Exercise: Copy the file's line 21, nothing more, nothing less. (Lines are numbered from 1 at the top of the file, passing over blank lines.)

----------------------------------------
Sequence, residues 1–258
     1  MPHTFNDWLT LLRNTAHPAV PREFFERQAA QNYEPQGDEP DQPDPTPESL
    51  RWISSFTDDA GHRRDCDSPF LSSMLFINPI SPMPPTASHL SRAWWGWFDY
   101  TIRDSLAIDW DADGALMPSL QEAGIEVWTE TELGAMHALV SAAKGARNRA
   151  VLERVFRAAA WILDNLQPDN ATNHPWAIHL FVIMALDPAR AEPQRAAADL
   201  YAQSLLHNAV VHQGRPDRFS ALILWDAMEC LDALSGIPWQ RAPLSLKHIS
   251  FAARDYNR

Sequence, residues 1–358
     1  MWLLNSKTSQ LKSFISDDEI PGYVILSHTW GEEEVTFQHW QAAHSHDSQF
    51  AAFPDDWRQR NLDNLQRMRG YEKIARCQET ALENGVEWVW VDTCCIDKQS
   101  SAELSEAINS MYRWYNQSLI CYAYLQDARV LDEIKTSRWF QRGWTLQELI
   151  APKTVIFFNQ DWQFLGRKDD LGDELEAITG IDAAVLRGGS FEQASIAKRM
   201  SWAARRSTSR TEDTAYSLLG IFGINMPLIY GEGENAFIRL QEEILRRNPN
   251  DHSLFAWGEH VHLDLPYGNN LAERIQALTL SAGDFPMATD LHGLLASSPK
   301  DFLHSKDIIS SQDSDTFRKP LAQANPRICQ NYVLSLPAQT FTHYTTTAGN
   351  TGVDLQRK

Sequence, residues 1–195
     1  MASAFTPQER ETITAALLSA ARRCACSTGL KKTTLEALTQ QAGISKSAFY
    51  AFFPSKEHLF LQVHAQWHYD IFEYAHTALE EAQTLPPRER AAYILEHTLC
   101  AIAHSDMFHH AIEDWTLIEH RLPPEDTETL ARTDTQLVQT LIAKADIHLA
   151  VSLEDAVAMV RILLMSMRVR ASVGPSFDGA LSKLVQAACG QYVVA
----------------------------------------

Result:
   151  VSLEDAVAMV RILLMSMRVR ASVGPSFDGA LSKLVQAACG QYVVA